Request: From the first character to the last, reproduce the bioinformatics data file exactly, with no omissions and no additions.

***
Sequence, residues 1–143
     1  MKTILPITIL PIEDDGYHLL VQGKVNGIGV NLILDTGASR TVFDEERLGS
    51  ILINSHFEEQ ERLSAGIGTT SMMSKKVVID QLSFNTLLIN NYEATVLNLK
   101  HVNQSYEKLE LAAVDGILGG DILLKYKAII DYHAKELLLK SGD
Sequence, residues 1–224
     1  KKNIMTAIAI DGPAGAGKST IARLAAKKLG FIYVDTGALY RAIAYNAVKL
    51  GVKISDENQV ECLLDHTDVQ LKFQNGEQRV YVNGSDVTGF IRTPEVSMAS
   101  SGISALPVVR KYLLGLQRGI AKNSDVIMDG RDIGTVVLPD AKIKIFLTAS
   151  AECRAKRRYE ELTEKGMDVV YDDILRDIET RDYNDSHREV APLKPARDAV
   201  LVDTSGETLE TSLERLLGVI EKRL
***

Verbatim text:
Sequence, residues 1–143
     1  MKTILPITIL PIEDDGYHLL VQGKVNGIGV NLILDTGASR TVFDEERLGS
    51  ILINSHFEEQ ERLSAGIGTT SMMSKKVVID QLSFNTLLIN NYEATVLNLK
   101  HVNQSYEKLE LAAVDGILGG DILLKYKAII DYHAKELLLK SGD
Sequence, residues 1–224
     1  KKNIMTAIAI DGPAGAGKST IARLAAKKLG FIYVDTGALY RAIAYNAVKL
    51  GVKISDENQV ECLLDHTDVQ LKFQNGEQRV YVNGSDVTGF IRTPEVSMAS
   101  SGISALPVVR KYLLGLQRGI AKNSDVIMDG RDIGTVVLPD AKIKIFLTAS
   151  AECRAKRRYE ELTEKGMDVV YDDILRDIET RDYNDSHREV APLKPARDAV
   201  LVDTSGETLE TSLERLLGVI EKRL